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HandWiki. Link Grammar. Encyclopedia. Available online: (accessed on 25 June 2024).
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HandWiki. "Link Grammar." Encyclopedia. Web. 27 October, 2022.
Link Grammar

Link grammar (LG) is a theory of syntax by Davy Temperley and Daniel Sleator which builds relations between pairs of words, rather than constructing constituents in a phrase structure hierarchy. Link grammar is similar to dependency grammar, but dependency grammar includes a head-dependent relationship, whereas Link Grammar makes the head-dependent relationship optional (links need not indicate direction). Colored Multiplanar Link Grammar (CMLG) is an extension of LG allowing crossing relations between pairs of words. The relationship between words is indicated with link types, thus making the Link grammar closely related to certain categorial grammars. For example, in a subject–verb–object language like English, the verb would look left to form a subject link, and right to form an object link. Nouns would look right to complete the subject link, or left to complete the object link. In a subject–object–verb language like Persian, the verb would look left to form an object link, and a more distant left to form a subject link. Nouns would look to the right for both subject and object links.

dependency grammar multiplanar subject–object–verb

1. Overview

Link grammar connects the words in a sentence with links, similar in form to a catena. Unlike the catena or a traditional dependency grammar, the marking of the head-dependent relationship is optional for most languages, becoming mandatory only in free-word-order languages (such as Turkish,[1] Finnish, Hungarian, Lithuanian[2]). That is, in English, the subject-verb relationship is "obvious", in that the subject is almost always to the left of the verb, and thus no specific indication of dependency needs to be made. In the case of subject-verb inversion, a distinct link type is employed. For free word-order languages, this can no longer hold, and a link between the subject and verb must contain an explicit directional arrow to indicate which of the two words is which.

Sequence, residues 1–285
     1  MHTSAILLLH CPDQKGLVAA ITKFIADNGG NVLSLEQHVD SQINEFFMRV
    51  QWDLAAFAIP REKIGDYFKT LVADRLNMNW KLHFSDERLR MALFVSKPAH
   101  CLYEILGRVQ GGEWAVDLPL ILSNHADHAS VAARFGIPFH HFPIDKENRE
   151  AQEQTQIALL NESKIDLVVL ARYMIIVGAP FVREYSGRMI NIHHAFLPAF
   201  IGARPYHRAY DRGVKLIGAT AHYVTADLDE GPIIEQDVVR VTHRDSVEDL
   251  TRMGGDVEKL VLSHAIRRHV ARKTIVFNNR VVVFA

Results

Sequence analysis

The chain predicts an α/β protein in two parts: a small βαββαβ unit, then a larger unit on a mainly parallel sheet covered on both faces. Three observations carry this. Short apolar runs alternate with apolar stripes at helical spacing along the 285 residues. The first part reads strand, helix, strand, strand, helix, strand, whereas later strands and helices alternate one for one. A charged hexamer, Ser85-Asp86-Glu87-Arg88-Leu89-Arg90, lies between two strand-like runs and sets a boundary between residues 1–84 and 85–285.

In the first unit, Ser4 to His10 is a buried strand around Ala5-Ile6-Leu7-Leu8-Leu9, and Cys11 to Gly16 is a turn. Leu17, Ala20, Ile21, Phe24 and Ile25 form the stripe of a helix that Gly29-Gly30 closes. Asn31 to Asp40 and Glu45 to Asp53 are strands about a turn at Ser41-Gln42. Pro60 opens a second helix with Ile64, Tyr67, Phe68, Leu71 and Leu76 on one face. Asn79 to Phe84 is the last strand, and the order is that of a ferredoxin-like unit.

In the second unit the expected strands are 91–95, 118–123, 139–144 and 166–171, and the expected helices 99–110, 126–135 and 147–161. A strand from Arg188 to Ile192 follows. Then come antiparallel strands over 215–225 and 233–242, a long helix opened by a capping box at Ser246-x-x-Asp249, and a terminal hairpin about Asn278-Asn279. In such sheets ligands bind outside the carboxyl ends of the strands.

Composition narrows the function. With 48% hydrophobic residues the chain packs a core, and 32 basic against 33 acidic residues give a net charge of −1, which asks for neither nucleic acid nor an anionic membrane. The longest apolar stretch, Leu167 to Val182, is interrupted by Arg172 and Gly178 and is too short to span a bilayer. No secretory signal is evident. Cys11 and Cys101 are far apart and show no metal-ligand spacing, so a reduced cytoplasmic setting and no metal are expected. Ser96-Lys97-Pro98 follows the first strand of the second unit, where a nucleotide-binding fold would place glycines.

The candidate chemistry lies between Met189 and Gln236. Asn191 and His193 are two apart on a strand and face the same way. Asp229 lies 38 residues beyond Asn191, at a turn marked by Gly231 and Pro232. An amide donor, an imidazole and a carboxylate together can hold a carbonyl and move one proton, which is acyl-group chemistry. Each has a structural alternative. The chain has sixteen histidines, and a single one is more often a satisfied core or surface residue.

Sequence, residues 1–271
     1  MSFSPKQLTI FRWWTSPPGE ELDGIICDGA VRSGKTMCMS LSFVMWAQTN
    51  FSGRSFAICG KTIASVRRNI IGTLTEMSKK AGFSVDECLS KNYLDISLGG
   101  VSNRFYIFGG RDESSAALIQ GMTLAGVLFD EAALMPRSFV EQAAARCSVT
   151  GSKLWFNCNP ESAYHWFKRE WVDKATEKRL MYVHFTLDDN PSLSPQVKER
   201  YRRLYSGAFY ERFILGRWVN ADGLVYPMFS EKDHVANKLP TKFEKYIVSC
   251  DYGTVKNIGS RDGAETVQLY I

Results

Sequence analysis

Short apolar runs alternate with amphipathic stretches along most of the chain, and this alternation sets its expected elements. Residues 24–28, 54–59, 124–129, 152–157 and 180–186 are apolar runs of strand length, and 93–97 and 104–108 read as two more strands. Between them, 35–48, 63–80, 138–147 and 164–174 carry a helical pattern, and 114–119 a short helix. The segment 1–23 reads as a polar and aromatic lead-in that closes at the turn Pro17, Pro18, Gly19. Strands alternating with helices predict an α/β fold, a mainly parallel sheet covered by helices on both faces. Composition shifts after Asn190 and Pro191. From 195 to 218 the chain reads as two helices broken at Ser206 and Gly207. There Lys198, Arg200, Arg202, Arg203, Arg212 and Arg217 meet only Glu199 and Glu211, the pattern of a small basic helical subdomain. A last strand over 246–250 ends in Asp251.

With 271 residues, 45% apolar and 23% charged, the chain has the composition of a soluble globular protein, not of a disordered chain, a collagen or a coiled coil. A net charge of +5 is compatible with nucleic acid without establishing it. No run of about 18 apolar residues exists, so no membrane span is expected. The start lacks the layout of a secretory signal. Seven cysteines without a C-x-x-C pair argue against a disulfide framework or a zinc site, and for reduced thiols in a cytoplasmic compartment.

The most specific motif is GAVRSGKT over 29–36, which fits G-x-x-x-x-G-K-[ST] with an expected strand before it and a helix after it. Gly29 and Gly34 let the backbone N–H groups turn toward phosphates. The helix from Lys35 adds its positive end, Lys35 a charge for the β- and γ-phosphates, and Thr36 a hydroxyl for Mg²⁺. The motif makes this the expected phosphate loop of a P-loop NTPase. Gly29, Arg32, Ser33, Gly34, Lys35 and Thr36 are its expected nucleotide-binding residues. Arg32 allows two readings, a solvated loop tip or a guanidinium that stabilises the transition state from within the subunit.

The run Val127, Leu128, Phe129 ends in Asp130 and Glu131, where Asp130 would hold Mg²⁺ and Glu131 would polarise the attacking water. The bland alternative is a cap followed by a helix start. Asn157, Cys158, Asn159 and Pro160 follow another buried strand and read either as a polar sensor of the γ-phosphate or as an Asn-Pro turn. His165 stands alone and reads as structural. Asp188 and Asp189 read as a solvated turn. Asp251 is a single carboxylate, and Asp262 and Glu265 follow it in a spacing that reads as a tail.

Link grammar also differs from traditional dependency grammars by allowing cyclic relations between words. Thus, for example, there can be links indicating both the head verb of a sentence, the head subject of the sentence, as well as a link between the subject and the verb. These three links thus form a cycle (a triangle, in this case). Cycles are useful in constraining what might otherwise be ambiguous parses; cycles help "tighten up" the set of allowable parses of a sentence.

For example, in the parse

 +---->WV--->+ +--Wd--+-Ss-+--Pa--+ | | | | LEFT-WALL he runs fast 

the LEFT-WALL indicates the start of the sentence, or the root node. The directional WV link (with arrows) points at the head verb of the sentence; it is the Wall-Verb link.[3] The Wd link (drawn here without arrows) indicates the head noun (the subject) of the sentence. The link type Wd indicates both that it connects to the wall (W) and that the sentence is a declarative sentence (the lower-case "d" subtype).[4] The Ss link indicates the subject-verb relationship; the lower-case "s" indicating that the subject is singular.[5] Note that the WV, Wd and Ss links for a cycle. The Pa link connects the verb to a complement; the lower-case "a" indicating that it is a predicative adjective in this case.[6]

2. Parsing Algorithm

Parsing is performed in analogy to assembling a jigsaw puzzle (representing the parsed sentence) from puzzle pieces (representing individual words).[7][8] A language is represented by means of a dictionary or lexis, which consists of words and the set of allowed "jigsaw puzzle shapes" that each word can have. The shape is indicated by a "connector", which is a link-type, and a direction indicator + or - indicating right or left. Thus for example, a transitive verb may have the connectors S- & O+ indicating that the verb may form a Subject ("S") connection to its left ("-") and an object connection ("O") to its right ("+"). Similarly, a common noun may have the connectors D- & S+ indicating that it may connect to a determiner on the left ("D-") and act as a subject, when connecting to a verb on the right ("S+"). The act of parsing is then to identify that the S+ connector can attach to the S- connector, forming an "S" link between the two words. Parsing completes when all connectors have been connected.

A given word may have dozens or even hundreds of allowed puzzle-shapes (termed "disjuncts"): for example, many verbs may be optionally transitive, thus making the O+ connector optional; such verbs might also take adverbial modifiers (E connectors) which are inherently optional. More complex verbs may have additional connectors for indirect objects, or for particles or prepositions. Thus, a part of parsing also involves picking one single unique disjunct for a word; the final parse must satisfy (connect) all connectors for that disjunct.[9]